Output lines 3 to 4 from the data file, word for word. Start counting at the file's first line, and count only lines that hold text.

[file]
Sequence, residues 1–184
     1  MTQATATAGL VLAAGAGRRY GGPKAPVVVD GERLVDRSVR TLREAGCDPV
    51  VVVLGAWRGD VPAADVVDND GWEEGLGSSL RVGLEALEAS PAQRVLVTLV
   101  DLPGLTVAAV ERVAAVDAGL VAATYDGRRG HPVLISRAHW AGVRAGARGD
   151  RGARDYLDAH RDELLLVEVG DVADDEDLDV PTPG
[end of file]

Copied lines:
    51  VVVLGAWRGD VPAADVVDND GWEEGLGSSL RVGLEALEAS PAQRVLVTLV
   101  DLPGLTVAAV ERVAAVDAGL VAATYDGRRG HPVLISRAHW AGVRAGARGD